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One Movement strategy

In 1999 the Council of Delegates asked the Standing Commission to set up a working group to draft an overall strategy for the Movement. This November it will be presented with the results. The aim is to fill a long-standing gap. While the various components of the Movement have drawn up their own plans and strategies over the years, there has been no overall strategy for the Movement itself.

The Movement does have a mission statement (in the 1986 statutes) and since the 1997 Seville Agreement, clearer guidelines for working together in emergencies. The draft strategy wants to take that further. In the words of the working group chairman, Dr. Claude Jean-François, it reflects "the Movement's growing ambition to be stronger together in reaching vulnerable people with effective humanitarian action throughout the world. Simply put, this strategy is not about what we do, but about how we can do it better."

The draft includes 17 specific actions grouped under five strategic objectives. The first objective is to strengthen the components of the Movement themselves, in particular the weaker National Societies. This would mean the global network would function better. It covers issues such as management, sharing knowledge and skills, and institutional integrity.

The second aim is to improve coherence and efficiency, especially the level of coordination in emergencies, and the third, to build a global image and shared identity for the Movement.

More effective working with governments, partner organizations and business is the main focus of the fourth objective, while the fifth aims to improve understanding of the complex and constantly changing humanitarian scene in which the Red Cross and Red Crescent works. The strategy for the Movement is intended to be an ongoing process with the Council of Delegates monitoring progress and updating it every two years.

Algeria's psychological first aid

The Algerian Red Crescent (ARC) and the ICRC held the second national seminar on psychosocial care of child victims of violence in Algiers in April. The event brought together 150 psychologists from the region as well as representatives of relevant public authorities. The seminar drew mainly on the participants' daily experiences and fostered an in-depth discussion on exploring new areas of treatment and care.

The seminar is part of a cooperation agreement concluded in November 1999 between the two institutions. Given the magnitude of psychological needs among children traumatized by violence, the ARC and ICRC committed to support the facilities of the Ministries of Health and Social Affairs engaged in the care for such children. The ICRC assists with training of psychologists and equips the counselling booths and day centres with psychopedagogical materials. The institution also supports the Algerian Red Crescent's social activities for traumatized children, such as the Red Crescent's summer camps.

Afghan mine awareness teams

A four-day training workshop was held in Kabul for mine awareness teams of the Afghan Red Crescent Society (ARCS) in June. The training focused on the methodology for mine awareness as well as on dissemination on Movement awareness. A first of its kind, the workshop was organized by the ICRC and was attended by 17 members of the National Society.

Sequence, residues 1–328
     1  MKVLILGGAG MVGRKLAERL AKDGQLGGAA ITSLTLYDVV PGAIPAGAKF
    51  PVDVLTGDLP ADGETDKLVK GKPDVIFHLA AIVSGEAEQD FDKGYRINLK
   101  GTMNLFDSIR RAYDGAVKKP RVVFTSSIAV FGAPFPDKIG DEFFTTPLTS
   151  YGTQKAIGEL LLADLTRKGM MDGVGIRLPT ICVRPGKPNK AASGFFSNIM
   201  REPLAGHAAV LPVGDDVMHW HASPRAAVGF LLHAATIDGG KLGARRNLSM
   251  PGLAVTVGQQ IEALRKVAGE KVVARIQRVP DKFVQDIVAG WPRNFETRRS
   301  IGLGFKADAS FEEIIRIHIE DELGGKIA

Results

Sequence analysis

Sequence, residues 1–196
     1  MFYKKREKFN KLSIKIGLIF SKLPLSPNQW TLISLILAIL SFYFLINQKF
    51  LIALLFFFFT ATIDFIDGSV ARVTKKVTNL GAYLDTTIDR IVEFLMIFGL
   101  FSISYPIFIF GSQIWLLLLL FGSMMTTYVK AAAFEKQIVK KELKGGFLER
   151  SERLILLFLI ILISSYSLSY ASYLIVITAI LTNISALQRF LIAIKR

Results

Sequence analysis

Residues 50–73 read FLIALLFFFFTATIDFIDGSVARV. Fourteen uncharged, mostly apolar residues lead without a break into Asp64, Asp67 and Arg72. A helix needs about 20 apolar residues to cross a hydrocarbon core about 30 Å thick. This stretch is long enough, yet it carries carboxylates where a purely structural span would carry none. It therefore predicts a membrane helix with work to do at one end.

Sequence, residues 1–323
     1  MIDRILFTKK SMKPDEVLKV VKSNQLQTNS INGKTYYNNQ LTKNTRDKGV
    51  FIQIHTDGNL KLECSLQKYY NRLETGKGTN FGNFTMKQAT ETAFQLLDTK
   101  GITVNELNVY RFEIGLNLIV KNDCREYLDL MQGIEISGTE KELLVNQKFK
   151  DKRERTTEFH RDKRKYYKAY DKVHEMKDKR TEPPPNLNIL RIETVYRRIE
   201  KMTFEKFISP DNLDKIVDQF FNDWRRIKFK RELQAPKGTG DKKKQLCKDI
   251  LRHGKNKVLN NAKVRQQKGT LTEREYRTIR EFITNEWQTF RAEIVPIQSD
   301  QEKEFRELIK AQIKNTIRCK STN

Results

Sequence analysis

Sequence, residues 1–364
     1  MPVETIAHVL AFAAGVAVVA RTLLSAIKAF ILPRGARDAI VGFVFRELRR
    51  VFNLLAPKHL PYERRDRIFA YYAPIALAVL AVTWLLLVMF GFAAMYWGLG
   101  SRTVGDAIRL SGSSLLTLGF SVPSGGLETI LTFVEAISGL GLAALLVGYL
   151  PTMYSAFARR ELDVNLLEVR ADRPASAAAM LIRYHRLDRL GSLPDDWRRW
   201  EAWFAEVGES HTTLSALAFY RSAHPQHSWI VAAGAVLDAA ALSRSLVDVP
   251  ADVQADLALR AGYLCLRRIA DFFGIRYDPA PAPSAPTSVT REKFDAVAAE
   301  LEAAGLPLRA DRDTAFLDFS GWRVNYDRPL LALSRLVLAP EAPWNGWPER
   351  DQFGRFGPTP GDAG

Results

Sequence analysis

So far, the ARCS has established two mine awareness teams. One team will focus on quick response in areas known as highly mine-contaminated. The other team will continue to cover the provinces around Kabul city, reaching out to the at-risk population. Both teams are working under the auspices of the United Nations Office for the Coordination of Humanitarian Assistance (OCHA) Afghanistan Mine Action Programme.

 

hiv/aids on the agenda

Representatives from the National Societies of Central Africa gathered in Cameroon in June for their annual partnership meeting. They watched a performance by the community theatre of Cameroon Red Cross volunteers who demonstrated how drama is an effective way of communicating information on HIV/AIDS, promotion of safe sexual behaviour and tolerance in the workplace. Seven of the eight National Societies in the region have community theatre programmes in their plans for next year. At the meeting participants also recognized the potential for building an effective HIV/AIDS programme based on the successful methodologies of the polio eradication campaigns in the Democratic Republic of the Congo and Chad.

The fight against HIV/AIDS was also on the agenda at the partnership meeting in the Caribbean. A revised regional strategy agreed by the leadership of 16 Red Cross Societies meeting in Trinidad in June recognized the increasing spread of HIV/AIDS in the Caribbean.

Although this region is known mostly for its devastating cycle of hurricanes, the Caribbean is, after Africa, the second worst-affected region per capita in the world. National Societies committed to response readiness for both sudden and perpetual disasters such as HIV/AIDS which continue to affect millions of people around the world.

MENA meets in Tehran

The third annual regional conference of Middle East and North Africa (MENA) National Societies, held in Iran, in May, welcomed participants from over 40 National Societies, and representatives from the Federation and the ICRC. The conference celebrated volunteers and promoted dialogue among cultures and civilizations.

MENA National Societies confirmed their commitment to addressing the needs resulting from HIV/AIDS, sharing manpower in disaster management, and establishing a Regional Strategic Relief Centre in Tehran, drawing on the capacities of the Iranian Red Crescent Society in this sector, with the support of the Federation.

 



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